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|Perspectives of biomass catalytic fast pyrolysis for co-refining: Review and correlation of literature data from continuously operated setups
|American Chemical Society
|For the co-processing of pyrolysis-based biocrudes within petroleum refineries, a degree of conditioning/upgrading involving the cracking of the oligomers and (partial) removal of oxygen could be operationally beneficial. By inducing a complex set of reactions in biomass-derived fast pyrolysis vapors, catalytic fast pyrolysis (CFP) ensures significant changes in oxygen functionalities and alleviates oxygen concentration in the resulting liquid intermediate (CFP-oil). Due to its reduced oxygen content and acidity, CFP-oil could be considered suitable for co-feeding in FCC units and/or for co-hydrotreatment (co-HT) with gas oils within the existing crude oil processing infrastructure. On the operational side, however, research concerning CFP of biomass has shown poor results: deoxygenation of pyrolysis vapors goes along with a progressive reduction in CFP-oil yield. Apart from any control over catalyst activity, selectivity, and lifetime, the other critical issue is in the process design, which is complicated by rapid catalyst deactivation through coke formation and catalyst poisoning by biomass-originated minerals. This review analyzes the outcome of research efforts concerning in- and ex situ CFP of biomass based on carefully selected literature studies reporting the results obtained from meso- and macrolevel laboratory-scale setups, pilot, process development units (PDU), and (semi-) commercial process units, wherein the biomass feedstock and catalyst is fed continuously. Key operational aspects such as the reactor technology, reactive medium, processing mode, and optimization of process parameters are addressed. The performances of continuously operated CFP units were benchmarked through a comparison of yields and elemental compositions of (by-)products. Despite the considerable research efforts related to CFP technology development, the co-processing of CFP-oil is still in its infancy. However, in close collaboration with refinery professionals, it could be made a serious candidate for biobased co-feeding. For refinery integration, quality parameters of CFP-oil, e.g., acidity, stability, and miscibility, should be considered as crucial as its oxygen content.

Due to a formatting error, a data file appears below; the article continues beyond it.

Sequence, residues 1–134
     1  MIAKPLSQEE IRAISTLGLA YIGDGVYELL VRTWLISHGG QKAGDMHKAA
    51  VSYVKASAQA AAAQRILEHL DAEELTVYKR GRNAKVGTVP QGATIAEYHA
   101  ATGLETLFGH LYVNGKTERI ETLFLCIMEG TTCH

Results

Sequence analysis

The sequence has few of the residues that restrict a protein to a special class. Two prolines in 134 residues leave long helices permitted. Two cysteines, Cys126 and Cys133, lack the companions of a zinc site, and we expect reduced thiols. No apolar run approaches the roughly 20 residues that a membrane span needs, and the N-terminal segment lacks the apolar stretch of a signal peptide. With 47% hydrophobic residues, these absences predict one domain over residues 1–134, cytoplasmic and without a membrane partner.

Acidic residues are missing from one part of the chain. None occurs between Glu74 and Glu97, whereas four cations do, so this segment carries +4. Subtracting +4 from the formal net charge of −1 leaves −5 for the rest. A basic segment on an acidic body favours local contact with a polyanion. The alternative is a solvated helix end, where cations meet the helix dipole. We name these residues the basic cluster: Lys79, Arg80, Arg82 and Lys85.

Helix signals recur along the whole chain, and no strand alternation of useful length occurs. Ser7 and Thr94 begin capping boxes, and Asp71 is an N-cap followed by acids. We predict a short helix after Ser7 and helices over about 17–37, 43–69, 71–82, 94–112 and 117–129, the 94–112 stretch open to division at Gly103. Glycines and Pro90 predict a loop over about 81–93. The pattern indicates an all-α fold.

|Appears in Collections:
|Energy Systems Engineering / Enerji Sistemleri Mühendisliği
Scopus İndeksli Yayınlar Koleksiyonu / Scopus Indexed Publications Collection
WoS İndeksli Yayınlar Koleksiyonu / WoS Indexed Publications Collection
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